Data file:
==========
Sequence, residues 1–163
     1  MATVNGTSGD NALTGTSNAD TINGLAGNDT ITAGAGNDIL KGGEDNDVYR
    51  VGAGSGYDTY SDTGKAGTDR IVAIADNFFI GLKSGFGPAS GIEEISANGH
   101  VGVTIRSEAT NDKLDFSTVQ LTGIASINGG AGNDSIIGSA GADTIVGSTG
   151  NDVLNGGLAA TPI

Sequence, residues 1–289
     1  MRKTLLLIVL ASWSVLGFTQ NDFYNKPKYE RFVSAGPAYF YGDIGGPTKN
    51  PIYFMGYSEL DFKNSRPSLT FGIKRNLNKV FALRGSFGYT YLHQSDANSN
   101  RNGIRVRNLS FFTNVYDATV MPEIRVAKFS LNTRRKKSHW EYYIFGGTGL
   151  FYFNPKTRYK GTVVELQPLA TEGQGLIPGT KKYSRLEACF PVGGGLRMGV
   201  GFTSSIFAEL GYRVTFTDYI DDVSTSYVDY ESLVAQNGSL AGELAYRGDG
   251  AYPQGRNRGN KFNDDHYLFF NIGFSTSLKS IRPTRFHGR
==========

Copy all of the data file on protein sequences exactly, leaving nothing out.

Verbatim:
Sequence, residues 1–163
     1  MATVNGTSGD NALTGTSNAD TINGLAGNDT ITAGAGNDIL KGGEDNDVYR
    51  VGAGSGYDTY SDTGKAGTDR IVAIADNFFI GLKSGFGPAS GIEEISANGH
   101  VGVTIRSEAT NDKLDFSTVQ LTGIASINGG AGNDSIIGSA GADTIVGSTG
   151  NDVLNGGLAA TPI

Sequence, residues 1–289
     1  MRKTLLLIVL ASWSVLGFTQ NDFYNKPKYE RFVSAGPAYF YGDIGGPTKN
    51  PIYFMGYSEL DFKNSRPSLT FGIKRNLNKV FALRGSFGYT YLHQSDANSN
   101  RNGIRVRNLS FFTNVYDATV MPEIRVAKFS LNTRRKKSHW EYYIFGGTGL
   151  FYFNPKTRYK GTVVELQPLA TEGQGLIPGT KKYSRLEACF PVGGGLRMGV
   201  GFTSSIFAEL GYRVTFTDYI DDVSTSYVDY ESLVAQNGSL AGELAYRGDG
   251  AYPQGRNRGN KFNDDHYLFF NIGFSTSLKS IRPTRFHGR